QB Terrelle Pryor, Oakland Raiders
HT: 6-6, WT: 233, Born: 6-20-1989, College: Ohio State, Drafted: Round 3
|Outlook • Career Statistics • Game Logs • Split Stats • Play-by-play • Latest News|
Terrelle Pryor is unlikely to win the starting job out of camp for the Raiders this year, bu tthat's doesn't mean he won't be involved. “I think we still feel positive about giving Terrelle Pryor an opportunity to compete and specifically having a package of things that he can do really well and giving him an opportunity,” Head Coach Dennis Allen said on a conference call earlier this offseason. Whether that package involves read option or Pryor under center is still unknown, but the Raiders will try to get the young athletic quarterback on the field one way or another. The fact that team drafted Tyler Wilson may mean that they don't see Pryor as a long term answer at quarterback, but it doesn't mean they're ready to give up on him as someone that can contribute to the offense in one fashion or another.
Latest NewsRaiders | Ugly minicamp performance from QBs (Wed Jun 12, 08:19 PM) - Oakland Raiders QBs Matt Flynn, Tyler Wilson, Terrelle Pryor and Matt McGloin didn't fare well at their minicamp Tuesday, June 11. Many of their throws were batted down at the line of scrimmage, landed behind and over receivers, and were generally off the mark. No option distinguished himself from the others. Pryor said that since defenders weren't wearing pads, they were more upright, which made it easier to bat down throws. link to story
|1||at Indianapolis Colts|
|3||at Denver Broncos|
|5||San Diego Chargers|
|6||at Kansas City Chiefs|
|10||at New York Giants|
|11||at Houston Texans|
|13||at Dallas Cowboys|
|14||at New York Jets|
|15||Kansas City Chiefs|
|16||at San Diego Chargers|
2012 Game Summaries
Week 16 - Terrelle Pryor, judging by HC Dennis Allen’s decision to give Leinart the opportunity over him, is not quite trusted enough to be the starting quarterback. Pryor’s lone involvement in the game resulted in one of the more productive plays for the Raiders. Pryor took the snap from under center, then tossed the football over to Carson Palmer on the right sideline. Pryor then accepted the return pass from Palmer and trucked upfield and past a feeble tackle attempt to get first down yardage.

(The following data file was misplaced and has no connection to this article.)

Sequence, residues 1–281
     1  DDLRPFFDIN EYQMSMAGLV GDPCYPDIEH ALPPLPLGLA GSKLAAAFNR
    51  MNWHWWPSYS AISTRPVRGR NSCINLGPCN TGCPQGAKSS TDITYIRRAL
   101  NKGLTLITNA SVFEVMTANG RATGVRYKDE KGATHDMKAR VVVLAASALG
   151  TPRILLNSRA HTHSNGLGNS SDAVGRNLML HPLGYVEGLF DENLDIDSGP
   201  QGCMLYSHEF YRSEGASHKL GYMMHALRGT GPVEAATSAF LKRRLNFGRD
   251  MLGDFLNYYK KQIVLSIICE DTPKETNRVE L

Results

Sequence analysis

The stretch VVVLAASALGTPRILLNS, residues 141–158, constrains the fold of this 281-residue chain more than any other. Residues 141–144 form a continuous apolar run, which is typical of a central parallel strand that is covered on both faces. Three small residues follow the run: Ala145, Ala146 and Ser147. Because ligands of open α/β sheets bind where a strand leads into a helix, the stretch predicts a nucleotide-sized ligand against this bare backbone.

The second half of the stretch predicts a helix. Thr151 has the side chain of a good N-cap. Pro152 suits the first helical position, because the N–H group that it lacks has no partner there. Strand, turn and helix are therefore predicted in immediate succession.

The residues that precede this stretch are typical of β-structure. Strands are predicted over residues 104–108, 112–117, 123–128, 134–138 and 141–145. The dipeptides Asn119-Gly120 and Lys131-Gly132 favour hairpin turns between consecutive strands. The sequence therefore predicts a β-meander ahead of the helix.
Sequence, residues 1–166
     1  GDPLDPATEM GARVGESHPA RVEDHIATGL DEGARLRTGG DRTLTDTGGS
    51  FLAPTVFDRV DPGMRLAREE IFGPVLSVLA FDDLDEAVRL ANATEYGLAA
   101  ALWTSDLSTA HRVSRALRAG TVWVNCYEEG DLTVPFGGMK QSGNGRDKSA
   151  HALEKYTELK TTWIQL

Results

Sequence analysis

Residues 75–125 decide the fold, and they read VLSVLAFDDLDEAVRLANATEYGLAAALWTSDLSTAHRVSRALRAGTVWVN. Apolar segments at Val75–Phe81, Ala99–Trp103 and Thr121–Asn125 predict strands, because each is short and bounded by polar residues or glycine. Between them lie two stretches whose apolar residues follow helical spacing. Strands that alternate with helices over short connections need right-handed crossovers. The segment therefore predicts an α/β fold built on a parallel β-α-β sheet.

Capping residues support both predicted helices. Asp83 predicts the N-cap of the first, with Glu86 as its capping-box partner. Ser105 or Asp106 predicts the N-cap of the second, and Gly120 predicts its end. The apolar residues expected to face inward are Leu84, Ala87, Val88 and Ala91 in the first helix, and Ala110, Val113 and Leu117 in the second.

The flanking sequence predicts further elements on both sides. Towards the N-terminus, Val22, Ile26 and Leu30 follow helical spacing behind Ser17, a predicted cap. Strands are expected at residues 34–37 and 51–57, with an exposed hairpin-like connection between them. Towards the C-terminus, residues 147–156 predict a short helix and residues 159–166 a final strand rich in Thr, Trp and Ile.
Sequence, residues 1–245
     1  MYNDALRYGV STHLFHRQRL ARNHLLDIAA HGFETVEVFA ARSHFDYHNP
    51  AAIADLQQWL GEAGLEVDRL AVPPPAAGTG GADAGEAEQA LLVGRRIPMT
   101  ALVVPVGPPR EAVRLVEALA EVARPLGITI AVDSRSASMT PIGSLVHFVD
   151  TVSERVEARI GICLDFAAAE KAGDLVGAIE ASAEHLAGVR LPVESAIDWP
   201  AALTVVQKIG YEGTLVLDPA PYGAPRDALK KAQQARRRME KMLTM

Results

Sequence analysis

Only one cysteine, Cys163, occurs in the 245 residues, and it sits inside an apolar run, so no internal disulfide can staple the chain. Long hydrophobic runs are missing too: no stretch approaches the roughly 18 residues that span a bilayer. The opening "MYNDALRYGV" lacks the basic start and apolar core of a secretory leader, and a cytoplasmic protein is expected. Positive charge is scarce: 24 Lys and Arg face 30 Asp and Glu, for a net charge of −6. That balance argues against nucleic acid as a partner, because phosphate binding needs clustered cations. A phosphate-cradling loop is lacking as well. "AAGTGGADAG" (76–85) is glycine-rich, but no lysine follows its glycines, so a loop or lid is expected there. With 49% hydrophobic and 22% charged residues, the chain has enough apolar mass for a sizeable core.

Week 17 - With both teams out of the playoff mix and not a ton of fantasy value to be had in this game, all eyes were on the youngster Pryor to see how he would fare in his first NFL start. As expected, he showed some glimpses of talent but was inconsistent overall. Not surprisingly, he showed terrific mobility both out of and inside the pocket. He didn’t break many big gains with his feet, but he always knew where the first down marker was and did a very good job of knowing when to take off and run, when to throw it away, and when to take a shot downfield. Perhaps the most impressive aspect of his game was his elusiveness and ability to avoid sacks. There were several occasions where multiple San Diego defenders appeared to have him pinned in, only to scramble around in the backfield until he could find a receiver downfield or at least get a better angle to throw the ball away. He did much better throwing the ball when he was able to roll outside the pocket, and looked much more smooth and fluid. Too often when he was inside the pocket, he kind of aimed his passes. Pryor appears to have plenty of arm strength, but there were many occasions where he simply floated the ball out to his receivers. It didn’t burn him too badly in this game, but over time those floaters will turn into turnovers. As it was, Pryor only turned it over once. He forced a pass deep downfield to WR Darrius Heyward-Bey, but it was into double coverage in the end zone and the defender easily stepped in front for the pick. He later underthrew another deep ball to Heyward-Bey that could have gone for a long score had it been thrown out in front and towards the sideline. Instead, the receiver had to almost stop and come back to the ball, which disrupted the entire timing and caused it to fall incomplete. There were several instances of this with Pryor, underthrowing receivers on deep balls or misfiring on intermediate routes to cause near-turnovers. That being said, quarterbacks can work on accuracy. Decision-making is something that cannot be taught, and in that area Pryor looked surprisingly solid for a guy making his first career start. He showed a lot of poise under pressure, was very calm on his rushing attempts (particularly the rushing touchdown which featured a great fake handoff and culminated with Oakland’s first rushing score since Week 7), and exhibited the kind of control over the huddle that you hope a quarterback possesses. Even when he made a mistake late in the first half, it was apparent that it was an accident. With Oakland out of timeouts and trying to set up a field goal just before the half, Pryor took off towards the sideline. When at first it seemed like he had dove forward, replays showed he had in fact slipped and was trying to get out of bounds. He also used some veteran savvy to save his team from a turnover. After fumbling during a run, San Diego appeared ready to pounce on the loose football. Rather than risk the turnover, Pryor batted the ball out of bounds. He was whistled for an illegal bat, but that’s better than losing the ball. His football IQ appears high. In fact, at one point when RB Mike Goodson was mixing it up after a play with a San Diego defender, it was the youngster Pryor who got into the middle of the scrum and tried pulling Goodson away. He even appeared to verbally chastise him afterwards for causing a penalty (a good sign that the young QB could quickly take to a leadership role). As for the good passes, he threw two scores. The first was a perfect back shoulder fade to Heyward-Bey in the end zone. The second came on a rollout to his right. He kept waiting for someone to break open, and finally he released it across his body over the middle of the field to WR Denarius Moore. The play was very reminiscent of “the catch”, the famous pass play from Joe Montana to Dwight Clark in the 1981 NFC Championship Game. The only difference is that this one was in the middle of the field instead of the sideline, and it was a meaningless game between two crummy teams instead of the NFC title game.